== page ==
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It’s not only those who are dependent on alcohol who can be in denial of the problem – but also those around them.
It can be easy to be convinced that someone is not alcoholic because they continue to function, to work if they are able to go for periods without drinking or to contain their drinking within certain parameters. Unfortunately, none of those things is proof that someone is not alcohol dependent.
There is no definitive checklist that means someone is an alcoholic, but there are signs and symptoms that make it more likely. And one of those signs is that they or someone who knows or cares about them is worried about their alcohol use – so, these concerns should not be ignored.
It’s hard to face alcoholism whether it be your own or that of someone you care about. As there are few definitive indicators of alcohol dependency until such a point that it is all-consuming and deeply entrenched, the signs are possible to overlook. But catching alcohol dependency early will reduce the level of physical and emotional harm and reduce the heartache for all involved.
The World Health Organisation developed the Alcohol Use Disorders Identification Test (AUDIT), which is used by medical professionals to indicate possible alcohol dependence.
No one answer leads to a conclusion of alcoholism but taken together they provide an indicator of possible alcohol dependence.
It asks about:
Regular drinking, high volume drinking or numerous occasions of binge drinking can all be signs of possible dependence.
Failing to meet responsibilities due to drinking, not being able to stop drinking and needing alcohol in the morning can all be signs.
Numerous occurrences of feeling guilt or remorse in relation to drinking, incidents of injury related to drinking and the concerns of others regarding a person’s drinking also indicate potential harmful or dependent drinking.
Anyone who drinks more than 14 units of alcohol per week is putting themselves at higher risk of harm from alcohol. Those units should also be consumed over at least three days.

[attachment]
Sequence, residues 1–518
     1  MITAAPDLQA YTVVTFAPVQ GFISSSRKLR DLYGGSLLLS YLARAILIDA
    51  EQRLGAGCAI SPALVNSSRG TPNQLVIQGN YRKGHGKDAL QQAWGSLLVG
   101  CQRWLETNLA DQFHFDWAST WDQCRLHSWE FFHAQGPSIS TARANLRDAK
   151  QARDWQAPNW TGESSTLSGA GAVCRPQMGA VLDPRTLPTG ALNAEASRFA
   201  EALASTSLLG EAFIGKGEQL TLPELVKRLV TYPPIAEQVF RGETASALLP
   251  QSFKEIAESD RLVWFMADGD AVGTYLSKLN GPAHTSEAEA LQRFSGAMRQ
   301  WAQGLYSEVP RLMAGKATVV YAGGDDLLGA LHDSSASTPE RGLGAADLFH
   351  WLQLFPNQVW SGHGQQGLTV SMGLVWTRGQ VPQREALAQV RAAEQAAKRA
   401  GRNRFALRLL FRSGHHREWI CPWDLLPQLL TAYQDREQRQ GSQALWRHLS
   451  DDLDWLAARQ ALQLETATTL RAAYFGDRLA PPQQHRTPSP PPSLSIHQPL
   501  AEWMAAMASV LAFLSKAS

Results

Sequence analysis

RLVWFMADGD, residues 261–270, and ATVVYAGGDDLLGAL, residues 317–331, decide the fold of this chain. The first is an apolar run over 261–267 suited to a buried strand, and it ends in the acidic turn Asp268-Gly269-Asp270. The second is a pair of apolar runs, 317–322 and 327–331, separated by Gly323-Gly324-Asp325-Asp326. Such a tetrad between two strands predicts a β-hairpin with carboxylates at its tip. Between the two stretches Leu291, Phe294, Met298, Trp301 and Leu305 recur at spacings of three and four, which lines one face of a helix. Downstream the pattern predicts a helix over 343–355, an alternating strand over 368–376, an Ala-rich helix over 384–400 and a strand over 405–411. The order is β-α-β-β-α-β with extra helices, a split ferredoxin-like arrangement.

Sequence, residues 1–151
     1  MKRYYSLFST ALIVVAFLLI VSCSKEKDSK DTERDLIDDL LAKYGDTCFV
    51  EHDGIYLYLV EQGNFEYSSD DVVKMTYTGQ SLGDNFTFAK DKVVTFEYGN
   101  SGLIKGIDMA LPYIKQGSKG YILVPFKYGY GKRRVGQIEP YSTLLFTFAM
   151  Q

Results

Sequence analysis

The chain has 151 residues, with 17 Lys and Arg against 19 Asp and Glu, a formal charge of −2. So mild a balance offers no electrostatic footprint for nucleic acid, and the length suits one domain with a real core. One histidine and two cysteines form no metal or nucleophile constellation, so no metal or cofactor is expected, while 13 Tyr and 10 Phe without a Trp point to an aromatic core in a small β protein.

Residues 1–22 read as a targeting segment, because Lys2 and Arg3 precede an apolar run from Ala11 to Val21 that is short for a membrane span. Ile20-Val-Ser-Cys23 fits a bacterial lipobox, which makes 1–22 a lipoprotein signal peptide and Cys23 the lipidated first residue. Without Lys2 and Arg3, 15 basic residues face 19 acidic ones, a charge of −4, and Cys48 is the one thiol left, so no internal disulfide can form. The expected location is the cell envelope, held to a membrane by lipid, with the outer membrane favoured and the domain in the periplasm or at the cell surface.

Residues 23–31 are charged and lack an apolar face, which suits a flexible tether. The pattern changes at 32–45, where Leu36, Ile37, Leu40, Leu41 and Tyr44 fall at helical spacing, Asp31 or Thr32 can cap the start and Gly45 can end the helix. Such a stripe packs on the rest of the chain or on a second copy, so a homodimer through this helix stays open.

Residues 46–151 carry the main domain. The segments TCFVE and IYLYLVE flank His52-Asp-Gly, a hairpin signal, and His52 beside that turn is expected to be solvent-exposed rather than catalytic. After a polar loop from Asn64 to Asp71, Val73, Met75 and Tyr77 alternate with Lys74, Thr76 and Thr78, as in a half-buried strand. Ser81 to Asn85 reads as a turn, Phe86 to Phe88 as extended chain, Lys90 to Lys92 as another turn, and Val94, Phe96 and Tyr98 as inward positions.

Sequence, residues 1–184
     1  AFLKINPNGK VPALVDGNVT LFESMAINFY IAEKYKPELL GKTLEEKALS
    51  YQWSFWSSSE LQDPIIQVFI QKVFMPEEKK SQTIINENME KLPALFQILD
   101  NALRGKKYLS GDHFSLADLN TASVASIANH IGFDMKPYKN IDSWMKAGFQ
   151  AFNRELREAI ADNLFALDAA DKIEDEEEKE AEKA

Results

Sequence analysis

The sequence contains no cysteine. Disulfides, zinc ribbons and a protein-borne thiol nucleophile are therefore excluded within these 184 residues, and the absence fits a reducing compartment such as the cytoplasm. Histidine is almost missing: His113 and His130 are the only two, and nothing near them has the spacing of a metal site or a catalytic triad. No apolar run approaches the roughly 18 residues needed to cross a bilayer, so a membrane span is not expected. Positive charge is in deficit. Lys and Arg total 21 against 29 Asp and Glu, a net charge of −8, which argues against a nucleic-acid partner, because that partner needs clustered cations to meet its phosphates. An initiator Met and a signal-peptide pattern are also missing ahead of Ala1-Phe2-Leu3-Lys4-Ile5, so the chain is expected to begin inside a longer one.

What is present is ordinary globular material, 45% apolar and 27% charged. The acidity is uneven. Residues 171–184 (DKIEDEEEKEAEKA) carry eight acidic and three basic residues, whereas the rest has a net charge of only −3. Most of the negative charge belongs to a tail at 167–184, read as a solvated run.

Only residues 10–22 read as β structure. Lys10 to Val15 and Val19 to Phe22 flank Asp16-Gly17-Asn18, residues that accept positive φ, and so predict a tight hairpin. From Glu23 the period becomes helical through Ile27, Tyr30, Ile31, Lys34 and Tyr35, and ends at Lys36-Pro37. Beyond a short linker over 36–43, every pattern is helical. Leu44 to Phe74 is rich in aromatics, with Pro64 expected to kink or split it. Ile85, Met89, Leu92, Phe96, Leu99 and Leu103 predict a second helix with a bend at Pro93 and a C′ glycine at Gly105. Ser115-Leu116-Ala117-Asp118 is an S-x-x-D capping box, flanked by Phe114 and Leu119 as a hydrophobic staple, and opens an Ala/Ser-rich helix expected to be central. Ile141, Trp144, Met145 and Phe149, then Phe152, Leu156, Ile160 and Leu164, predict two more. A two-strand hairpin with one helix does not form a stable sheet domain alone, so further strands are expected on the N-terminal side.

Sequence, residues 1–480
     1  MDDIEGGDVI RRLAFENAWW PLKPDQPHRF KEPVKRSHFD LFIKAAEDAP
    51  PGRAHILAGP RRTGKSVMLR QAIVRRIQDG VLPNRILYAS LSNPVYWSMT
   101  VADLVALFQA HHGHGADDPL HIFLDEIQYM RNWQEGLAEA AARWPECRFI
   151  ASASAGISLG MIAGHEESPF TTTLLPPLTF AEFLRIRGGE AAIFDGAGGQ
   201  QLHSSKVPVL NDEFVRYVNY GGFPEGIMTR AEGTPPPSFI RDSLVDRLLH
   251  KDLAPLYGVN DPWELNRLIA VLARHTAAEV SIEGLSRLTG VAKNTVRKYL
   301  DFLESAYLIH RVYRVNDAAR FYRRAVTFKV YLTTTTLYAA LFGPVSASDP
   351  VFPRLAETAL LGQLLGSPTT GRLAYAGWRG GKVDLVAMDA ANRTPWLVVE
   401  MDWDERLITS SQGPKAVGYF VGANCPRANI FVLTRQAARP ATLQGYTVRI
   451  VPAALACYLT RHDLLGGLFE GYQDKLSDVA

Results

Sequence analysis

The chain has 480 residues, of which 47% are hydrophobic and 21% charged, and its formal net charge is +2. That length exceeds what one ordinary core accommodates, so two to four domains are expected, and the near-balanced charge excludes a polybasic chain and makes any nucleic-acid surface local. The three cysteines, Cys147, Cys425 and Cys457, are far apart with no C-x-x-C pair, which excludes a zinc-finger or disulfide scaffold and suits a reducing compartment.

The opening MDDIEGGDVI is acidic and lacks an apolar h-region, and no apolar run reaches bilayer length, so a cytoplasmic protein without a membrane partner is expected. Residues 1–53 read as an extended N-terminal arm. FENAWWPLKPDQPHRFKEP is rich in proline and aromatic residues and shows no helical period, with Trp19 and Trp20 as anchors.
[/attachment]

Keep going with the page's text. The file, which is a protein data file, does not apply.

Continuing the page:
One unit of alcohol is roughly equivalent to a single measure of spirit. A pint of strong beer or cider is around 3 units and a 175ml glass of wine around 2-3 units. The exact number of units depends on the alcohol strength as well as quantity.
The presence of withdrawal symptoms from alcohol is another sign of possible dependence.
Withdrawal symptoms are a physical reaction to not having had an alcoholic drink for a period of time and some people will find themselves having a drink to combat the symptoms.
Alcohol withdrawal symptoms may include sickness, retching, being shaky, anxiety or depression.
If you or someone you love experiences withdrawal symptoms it is important to seek medical advice before trying to give up alcohol. In severe cases, withdrawal symptoms can lead to dangerous consequences such as seizures, but clinical support will help prevent this.
Medications are available to alleviate withdrawal symptoms and the worst of it is usually over within 48 hours. Seek support for a properly managed detox.
Misusing alcohol over a period of time can lead to very serious health consequences and even death.
There are a number of health conditions that may be triggered by alcohol dependency and the presence of these or signs of the onset of them, may be a sign of harm from alcohol.
Alcohol misuse can lead to high blood pressure; liver damage; cancers including of the liver, mouth and bowel; depression; gout; sexual problems such as impotence or premature ejaculation and infertility.
Other physical signs of alcohol misuse may include neglect of a healthy diet, weight gain or extreme loss and increased memory blackouts due to drinking.
An ability to drink a large and increasing quantity of alcohol without displaying signs of drunkenness is also an indicator.
The Jellinek Curve is a tool used to demonstrate the plunge into addiction and the indicators of recovery.
The labels on the downward slope of the curve are another useful reference when considering if alcoholism is likely.
In descending order toward the bottom of the curve where problems are most entrenched, these include:
The most important thing to do if you suspect you or someone else is alcohol dependent is to seek help.
Making that first call can feel like such a huge step but it’s important to know that help is out there and it can and does transform lives.
You may decide to contact your GP, a helpline or charity or indeed a service provider like Delamere.
Sometimes people don’t find the support they require on their first call, try not to be disheartened if that is the case. Remaining persistent and having faith in the fact that you need and deserve the right support is vital to ensuring you get it.
Alcoholism is something that can be successfully treated and recovered from. It takes effort, determination and support but can be, and often is, treatable.
Support groups, medical intervention, community programmes and counselling can all help toward recovery.
Residential rehab is the most effective form of treatment for alcoholism and addiction. Rehab varies from one centre to another. The most effective clinics pull together all the strands of support necessary to treat the whole person and help not only deal with the physical addiction but the factors that led to it.
For information on what Delamere offers, please do get in touch for a no-obligation chat.
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